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What has Hawking said here? Hawking invokes a grand metaphysical project of what things really are - "what time actually is" but with other science/logical positivists we must presume, wants to deny metaphysics and ontology. This he does on the basis that he is "unable to say" what the particulars of a metaphysical project (like Time) are.

And what is the role of mathematics in this Hawkinian idiosyncratic venture? If, with other positivists, he wishes to deny metaphysics and ontology in mathematics and the world, then how does he know what a given calculus is meant to be about?

Hawking's attempt at positivism fails. He attempts to justify, piecemeal, the positivist denial of metaphysics/ontology by privileging its denial over its affirmation in the proposal that "one cannot say what [X] really is" (where X is a metaphysics, in this case a metaphysical description of Time). Derrideans might pick up on this logic of the "priviliged binary".

Hawking's appeal to mathematics as a player in his positivism misses the mark. It may even work against him. For mathematical syntax gives an incomplete description of mathematics, yet it is the syntax alone that is set up as a sufficient condition of it. The stops and starts of syntactical manipulation are not themselves syntactically engineered. We need a non-syntactical manoevure to identify and manifest, or commit syntactical changes, and metaphysics is one such manoevure. For example, I, non-mathematically, decide when a calculation is complete, and what to calculate. Here I can allude to the Tractatarian project as a whole, where Wittgenstein continually draws attention to the limits of language and logic - where syntax is identified and manifested by the "ineffable" template (later re-emerging as language games in Philosophical Investigations). Kant had a similar project going in transcendental idealism, where no objects are to be had without their identifying and manifesting conditions. Yet, for Hawking's transcendental realism, as for other positivists, we see the denial of the manifesting conditions of a syntactical world. Hawking's positivist venture is twofold: incoherent, and a picture of a world of unidentifiable, syntactical rubble.

**The Universe in a Nutshell**(p. 31) Stephen Hawking describes his science positivism:

.… If one takes the positivist position, as I do, one cannot say what time actually is. All one can do is describe what has been found to be a very good mathematical model for time.… If one takes the positivist position, as I do, one cannot say what time actually is. All one can do is describe what has been found to be a very good mathematical model for time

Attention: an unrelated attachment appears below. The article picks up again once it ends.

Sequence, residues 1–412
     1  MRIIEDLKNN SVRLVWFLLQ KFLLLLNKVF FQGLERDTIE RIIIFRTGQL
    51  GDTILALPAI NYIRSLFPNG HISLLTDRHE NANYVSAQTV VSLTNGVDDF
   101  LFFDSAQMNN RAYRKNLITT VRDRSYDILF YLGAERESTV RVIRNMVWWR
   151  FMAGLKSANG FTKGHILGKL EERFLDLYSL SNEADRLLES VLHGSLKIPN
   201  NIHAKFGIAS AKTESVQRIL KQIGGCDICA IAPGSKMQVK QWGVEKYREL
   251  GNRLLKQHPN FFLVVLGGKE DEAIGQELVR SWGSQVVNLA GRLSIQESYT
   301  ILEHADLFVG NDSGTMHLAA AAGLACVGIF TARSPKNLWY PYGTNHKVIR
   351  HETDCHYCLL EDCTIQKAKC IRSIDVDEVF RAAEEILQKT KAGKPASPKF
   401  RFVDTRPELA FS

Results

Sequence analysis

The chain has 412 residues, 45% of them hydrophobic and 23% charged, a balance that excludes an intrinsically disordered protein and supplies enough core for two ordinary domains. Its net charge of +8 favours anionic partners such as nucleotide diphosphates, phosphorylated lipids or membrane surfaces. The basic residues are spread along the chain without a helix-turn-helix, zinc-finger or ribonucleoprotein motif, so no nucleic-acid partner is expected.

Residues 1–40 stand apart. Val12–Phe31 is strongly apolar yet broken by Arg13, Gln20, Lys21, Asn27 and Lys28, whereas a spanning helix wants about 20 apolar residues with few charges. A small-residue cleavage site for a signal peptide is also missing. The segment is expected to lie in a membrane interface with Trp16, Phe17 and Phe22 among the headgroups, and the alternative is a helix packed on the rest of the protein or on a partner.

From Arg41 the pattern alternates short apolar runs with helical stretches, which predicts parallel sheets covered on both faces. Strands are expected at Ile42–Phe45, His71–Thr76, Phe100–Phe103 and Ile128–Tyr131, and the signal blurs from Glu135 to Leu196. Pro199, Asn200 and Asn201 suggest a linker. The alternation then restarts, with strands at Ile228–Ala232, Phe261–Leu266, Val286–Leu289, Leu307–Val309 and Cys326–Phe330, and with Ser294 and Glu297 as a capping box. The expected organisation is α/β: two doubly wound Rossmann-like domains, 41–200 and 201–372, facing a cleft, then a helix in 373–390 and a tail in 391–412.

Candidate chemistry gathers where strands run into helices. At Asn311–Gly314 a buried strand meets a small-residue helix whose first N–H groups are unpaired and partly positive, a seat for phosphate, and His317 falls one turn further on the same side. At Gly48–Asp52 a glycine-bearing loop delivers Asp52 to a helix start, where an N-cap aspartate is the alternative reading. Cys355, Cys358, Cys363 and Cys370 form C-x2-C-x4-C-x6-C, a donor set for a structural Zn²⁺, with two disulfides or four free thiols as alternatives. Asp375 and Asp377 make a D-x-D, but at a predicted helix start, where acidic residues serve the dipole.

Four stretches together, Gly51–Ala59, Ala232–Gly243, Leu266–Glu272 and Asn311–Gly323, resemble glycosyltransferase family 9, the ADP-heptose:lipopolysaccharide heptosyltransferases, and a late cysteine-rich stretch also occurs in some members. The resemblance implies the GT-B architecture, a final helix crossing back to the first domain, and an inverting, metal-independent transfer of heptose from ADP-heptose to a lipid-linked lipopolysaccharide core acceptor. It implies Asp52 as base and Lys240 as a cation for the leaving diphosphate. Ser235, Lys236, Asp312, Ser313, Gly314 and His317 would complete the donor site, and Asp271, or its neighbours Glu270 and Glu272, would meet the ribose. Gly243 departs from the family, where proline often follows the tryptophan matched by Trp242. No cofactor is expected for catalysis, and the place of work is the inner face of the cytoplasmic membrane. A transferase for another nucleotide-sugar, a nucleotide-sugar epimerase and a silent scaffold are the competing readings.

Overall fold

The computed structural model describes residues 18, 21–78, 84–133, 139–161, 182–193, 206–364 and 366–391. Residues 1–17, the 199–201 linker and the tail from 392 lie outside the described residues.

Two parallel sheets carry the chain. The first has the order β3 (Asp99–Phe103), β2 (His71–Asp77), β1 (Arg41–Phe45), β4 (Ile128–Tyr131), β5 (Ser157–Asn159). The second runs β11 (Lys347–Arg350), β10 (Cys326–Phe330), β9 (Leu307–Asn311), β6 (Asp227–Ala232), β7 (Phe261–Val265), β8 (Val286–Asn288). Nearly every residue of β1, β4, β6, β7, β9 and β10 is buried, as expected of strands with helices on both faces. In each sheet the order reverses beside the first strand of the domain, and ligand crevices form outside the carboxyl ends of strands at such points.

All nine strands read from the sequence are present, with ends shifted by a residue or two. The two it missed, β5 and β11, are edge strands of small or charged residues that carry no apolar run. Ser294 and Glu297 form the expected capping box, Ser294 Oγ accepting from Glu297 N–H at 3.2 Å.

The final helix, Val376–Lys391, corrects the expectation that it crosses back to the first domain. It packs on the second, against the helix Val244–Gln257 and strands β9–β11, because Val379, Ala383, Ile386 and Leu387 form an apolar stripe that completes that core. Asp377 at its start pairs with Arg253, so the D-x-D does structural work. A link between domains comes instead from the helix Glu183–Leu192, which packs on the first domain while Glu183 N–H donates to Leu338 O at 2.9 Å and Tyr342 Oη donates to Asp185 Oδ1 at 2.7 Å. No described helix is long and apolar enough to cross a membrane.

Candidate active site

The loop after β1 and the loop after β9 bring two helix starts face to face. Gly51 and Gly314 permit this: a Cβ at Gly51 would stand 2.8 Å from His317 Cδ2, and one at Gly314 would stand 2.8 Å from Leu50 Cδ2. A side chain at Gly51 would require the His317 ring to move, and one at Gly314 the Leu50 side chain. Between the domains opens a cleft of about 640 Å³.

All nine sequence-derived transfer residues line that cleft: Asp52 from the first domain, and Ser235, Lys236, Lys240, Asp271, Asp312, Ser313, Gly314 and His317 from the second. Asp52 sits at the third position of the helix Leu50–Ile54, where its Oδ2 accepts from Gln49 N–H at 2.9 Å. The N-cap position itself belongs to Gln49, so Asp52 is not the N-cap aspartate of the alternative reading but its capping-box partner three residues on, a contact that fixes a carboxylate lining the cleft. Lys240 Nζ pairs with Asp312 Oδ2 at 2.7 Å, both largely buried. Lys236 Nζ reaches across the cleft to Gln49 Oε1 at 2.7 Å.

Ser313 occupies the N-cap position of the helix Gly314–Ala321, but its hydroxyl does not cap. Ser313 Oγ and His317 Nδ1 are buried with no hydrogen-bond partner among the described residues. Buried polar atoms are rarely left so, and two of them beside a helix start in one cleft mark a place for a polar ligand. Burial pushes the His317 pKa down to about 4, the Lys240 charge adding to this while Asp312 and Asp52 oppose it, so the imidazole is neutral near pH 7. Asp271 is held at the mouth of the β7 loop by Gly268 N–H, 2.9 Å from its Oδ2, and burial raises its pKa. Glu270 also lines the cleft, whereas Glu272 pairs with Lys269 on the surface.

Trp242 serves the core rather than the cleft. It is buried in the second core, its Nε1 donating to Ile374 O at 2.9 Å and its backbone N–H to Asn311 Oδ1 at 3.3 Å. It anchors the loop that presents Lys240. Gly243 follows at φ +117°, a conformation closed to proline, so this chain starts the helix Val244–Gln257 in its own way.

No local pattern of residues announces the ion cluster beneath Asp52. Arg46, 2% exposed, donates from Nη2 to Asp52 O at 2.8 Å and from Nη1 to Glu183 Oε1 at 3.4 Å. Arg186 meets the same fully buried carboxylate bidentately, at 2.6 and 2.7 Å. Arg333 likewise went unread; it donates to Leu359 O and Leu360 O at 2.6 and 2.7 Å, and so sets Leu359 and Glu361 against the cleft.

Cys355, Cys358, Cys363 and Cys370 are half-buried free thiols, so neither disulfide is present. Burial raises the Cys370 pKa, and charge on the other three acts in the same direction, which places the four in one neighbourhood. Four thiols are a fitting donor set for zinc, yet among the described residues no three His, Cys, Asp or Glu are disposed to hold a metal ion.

What has Hawking said here? Hawking invokes a grand metaphysical project of what things really are - "what time actually is" but with other science/logical positivists we must presume, wants to deny metaphysics and ontology. This he does on the basis that he is "unable to say" what the particulars of a metaphysical project (like Time) are.

And what is the role of mathematics in this Hawkinian idiosyncratic venture? If, with other positivists, he wishes to deny metaphysics and ontology in mathematics and the world, then how does he know what a given calculus is meant to be about?

Hawking's attempt at positivism fails. He attempts to justify, piecemeal, the positivist denial of metaphysics/ontology by privileging its denial over its affirmation in the proposal that "one cannot say what [X] really is" (where X is a metaphysics, in this case a metaphysical description of Time). Derrideans might pick up on this logic of the "priviliged binary".

Hawking's appeal to mathematics as a player in his positivism misses the mark. It may even work against him. For mathematical syntax gives an incomplete description of mathematics, yet it is the syntax alone that is set up as a sufficient condition of it. The stops and starts of syntactical manipulation are not themselves syntactically engineered. We need a non-syntactical manoevure to identify and manifest, or commit syntactical changes, and metaphysics is one such manoevure. For example, I, non-mathematically, decide when a calculation is complete, and what to calculate. Here I can allude to the Tractatarian project as a whole, where Wittgenstein continually draws attention to the limits of language and logic - where syntax is identified and manifested by the "ineffable" template (later re-emerging as language games in Philosophical Investigations). Kant had a similar project going in transcendental idealism, where no objects are to be had without their identifying and manifesting conditions. Yet, for Hawking's transcendental realism, as for other positivists, we see the denial of the manifesting conditions of a syntactical world. Hawking's positivist venture is twofold: incoherent, and a picture of a world of unidentifiable, syntactical rubble.

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